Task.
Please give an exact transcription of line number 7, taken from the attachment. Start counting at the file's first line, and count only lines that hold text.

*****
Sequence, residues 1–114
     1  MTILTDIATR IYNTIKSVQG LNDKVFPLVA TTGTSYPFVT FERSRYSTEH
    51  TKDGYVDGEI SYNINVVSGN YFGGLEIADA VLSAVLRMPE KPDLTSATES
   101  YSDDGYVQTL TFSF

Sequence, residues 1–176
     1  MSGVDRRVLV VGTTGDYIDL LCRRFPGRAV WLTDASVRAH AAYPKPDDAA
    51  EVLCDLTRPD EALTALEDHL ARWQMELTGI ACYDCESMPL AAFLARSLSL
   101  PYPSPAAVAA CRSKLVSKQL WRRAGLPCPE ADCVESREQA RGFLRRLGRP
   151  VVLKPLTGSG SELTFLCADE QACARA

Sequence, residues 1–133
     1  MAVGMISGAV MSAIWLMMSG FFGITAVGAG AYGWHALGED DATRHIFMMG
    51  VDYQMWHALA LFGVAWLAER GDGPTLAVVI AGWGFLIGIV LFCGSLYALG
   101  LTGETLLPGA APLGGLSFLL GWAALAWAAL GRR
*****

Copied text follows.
    51  EVLCDLTRPD EALTALEDHL ARWQMELTGI ACYDCESMPL AAFLARSLSL